If you got problems getting AviSynth to work at all, try the following script:
and open it in Windows Media Player 6.4 (it is a file "mplayer2.exe" located in "C:\Program Files\Windows Media Player", other versions of WMP might not work). If you see a video with a message with Avisynth version and Copyright, then it is installed properly.
If that doesn't work, you can try the following:
- Empty the plugin folder of AviSynth: autoloaded scripts (avsi) or some filters can cause this (see here)
- Install codecs, in particular Huffyuv: it can be that there is no decoder present which can decode your video.
- If you use an encoding package (like DVD2SVCD, GKnot, DVX, ...) make sure that you use the version of AviSynth that came with that package: it might be that new versions of AviSynth are not compatible with the package. Try to get support from the package developers.
- Reinstall AviSynth: it might be that something went wrong with the installation. If you tried playing with new beta version, reinstall a stable release.
- If all of the above doesn't help drop a post in the Doom Nine Forums.
Creating scripts with AviSynth is not always easy, and sometimes AviSynth produces very strange results. This is a little guide to help you figure out the most common errors.
If AviSynth produces strange results, try simplifying your script. Try splitting up your script into as many lines as possible. This will help you identify your problem. For example:
video = AviSource("file23.avi").ConvertToYUY2().Trim(539,8534) return AudioDub(Blur(video,1.5).Reduceby2().Bilinearrresize(512,384),Wavsource("file23.wav").AmplifyDB(4.5)
is not as readable as
AviSource("file23.avi") ConvertToYUY2() Trim(539, 8534) Blur(1.5) Reduceby2() BilinearResize(512, 384) AudioDub(WavSource("file23.wav")) AmplifyDB(4.5)
Furthermore it has the advantage that you can more easily:
- Comment out a single command (line). This is good for testing the effect of a filter.
- Get the proper position (line) of problem command, if there is a syntax error.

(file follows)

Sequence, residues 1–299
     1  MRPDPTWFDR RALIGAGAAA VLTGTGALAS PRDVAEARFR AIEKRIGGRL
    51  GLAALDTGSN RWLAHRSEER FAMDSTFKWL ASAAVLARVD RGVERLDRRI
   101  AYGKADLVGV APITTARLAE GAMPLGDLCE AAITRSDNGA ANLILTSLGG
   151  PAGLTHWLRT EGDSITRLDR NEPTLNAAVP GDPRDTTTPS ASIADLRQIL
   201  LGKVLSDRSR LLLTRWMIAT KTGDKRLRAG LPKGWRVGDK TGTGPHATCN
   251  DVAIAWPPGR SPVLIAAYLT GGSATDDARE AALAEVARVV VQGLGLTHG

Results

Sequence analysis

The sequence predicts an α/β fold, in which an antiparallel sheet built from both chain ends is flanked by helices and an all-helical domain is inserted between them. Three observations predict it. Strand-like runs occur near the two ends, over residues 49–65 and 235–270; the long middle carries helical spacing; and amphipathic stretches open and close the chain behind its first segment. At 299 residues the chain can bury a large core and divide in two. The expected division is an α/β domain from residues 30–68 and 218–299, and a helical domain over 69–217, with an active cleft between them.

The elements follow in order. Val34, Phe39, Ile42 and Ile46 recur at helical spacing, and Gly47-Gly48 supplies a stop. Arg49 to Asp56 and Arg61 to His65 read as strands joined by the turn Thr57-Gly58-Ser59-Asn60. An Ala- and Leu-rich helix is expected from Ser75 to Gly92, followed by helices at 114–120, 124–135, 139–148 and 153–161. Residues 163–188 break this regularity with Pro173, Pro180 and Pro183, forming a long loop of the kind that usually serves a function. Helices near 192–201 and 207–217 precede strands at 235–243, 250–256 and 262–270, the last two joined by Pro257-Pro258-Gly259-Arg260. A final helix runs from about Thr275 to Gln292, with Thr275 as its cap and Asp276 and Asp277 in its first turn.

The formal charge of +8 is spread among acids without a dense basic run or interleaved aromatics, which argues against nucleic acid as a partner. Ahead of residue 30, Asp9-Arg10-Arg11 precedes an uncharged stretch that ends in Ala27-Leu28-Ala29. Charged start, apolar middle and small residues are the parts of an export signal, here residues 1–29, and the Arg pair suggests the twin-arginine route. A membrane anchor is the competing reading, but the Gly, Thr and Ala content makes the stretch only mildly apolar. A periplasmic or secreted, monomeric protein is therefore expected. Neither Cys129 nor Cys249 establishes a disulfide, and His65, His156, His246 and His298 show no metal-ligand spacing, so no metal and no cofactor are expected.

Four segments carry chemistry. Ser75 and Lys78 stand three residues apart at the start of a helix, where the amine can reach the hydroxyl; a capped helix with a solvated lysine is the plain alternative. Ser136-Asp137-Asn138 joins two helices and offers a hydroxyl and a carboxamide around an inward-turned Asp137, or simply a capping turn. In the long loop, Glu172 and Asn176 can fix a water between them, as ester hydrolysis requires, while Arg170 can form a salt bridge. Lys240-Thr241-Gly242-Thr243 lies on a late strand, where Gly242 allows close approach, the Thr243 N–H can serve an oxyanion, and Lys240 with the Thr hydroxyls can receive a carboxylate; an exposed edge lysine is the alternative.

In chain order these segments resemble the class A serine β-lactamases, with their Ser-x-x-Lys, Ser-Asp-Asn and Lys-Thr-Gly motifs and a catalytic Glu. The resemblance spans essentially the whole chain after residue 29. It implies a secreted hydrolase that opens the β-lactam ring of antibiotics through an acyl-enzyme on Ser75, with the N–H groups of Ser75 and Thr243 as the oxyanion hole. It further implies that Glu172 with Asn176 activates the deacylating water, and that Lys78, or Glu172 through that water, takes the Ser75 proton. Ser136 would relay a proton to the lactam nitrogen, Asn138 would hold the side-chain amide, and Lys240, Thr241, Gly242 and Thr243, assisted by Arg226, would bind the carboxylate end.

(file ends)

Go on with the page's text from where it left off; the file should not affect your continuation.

- Put in a return last at some position in the script. This will output the video at that place in the filterchain. So by varying the place of the "return last" you can check up to which line the video is correct.
- Get an overview of the "flow" of the script. (Is it a good thing that the Trim command only affects the video in the clip above?)
Always check parameters
If you have a filter that gives you unexpected results, try using it with the simplest parameters. Always check the Internal filters either on this homepage or in the documentation that came along with your AviSynth.
Be sure you use the same type of parameters as the ones described in the documentation. The most common error in this case is related to the first parameter in all filters, "clip". Be sure you understand how "implicit last" works. If you do not have a "last clip", most filters will fail with an "Invalid parameter" error.
"Filter does not return a clip" is reported if the output of your last filter is put into a variable, and there isn't any "last clip". For instance:
video = AviSource("file.avi") audio = WavSource("file.wav") combined = AudioDub(video, audio)
will fail. This can be solved by:
video = AviSource("file.avi") audio = WavSource("file.wav") AudioDub(video, audio)
where 'last' contains a clip, or:
video = AviSource("file.avi") audio = WavSource("file.wav") combined = AudioDub(video, audio) return combined
where the variable is returned, or even:
video = AviSource("file.avi") audio = WavSource("file.wav") return AudioDub(video, audio)
Test scripts using Virtualdub
Always use VirtualDub or even better VirtualDubMod to test your scripts. This is what all AviSynth functionality is tested against (by its developers). AviSynth does of course work with other programs, but if you get errors in other applications it's most likely not an AviSynth problem, but a limitation within the software you are using.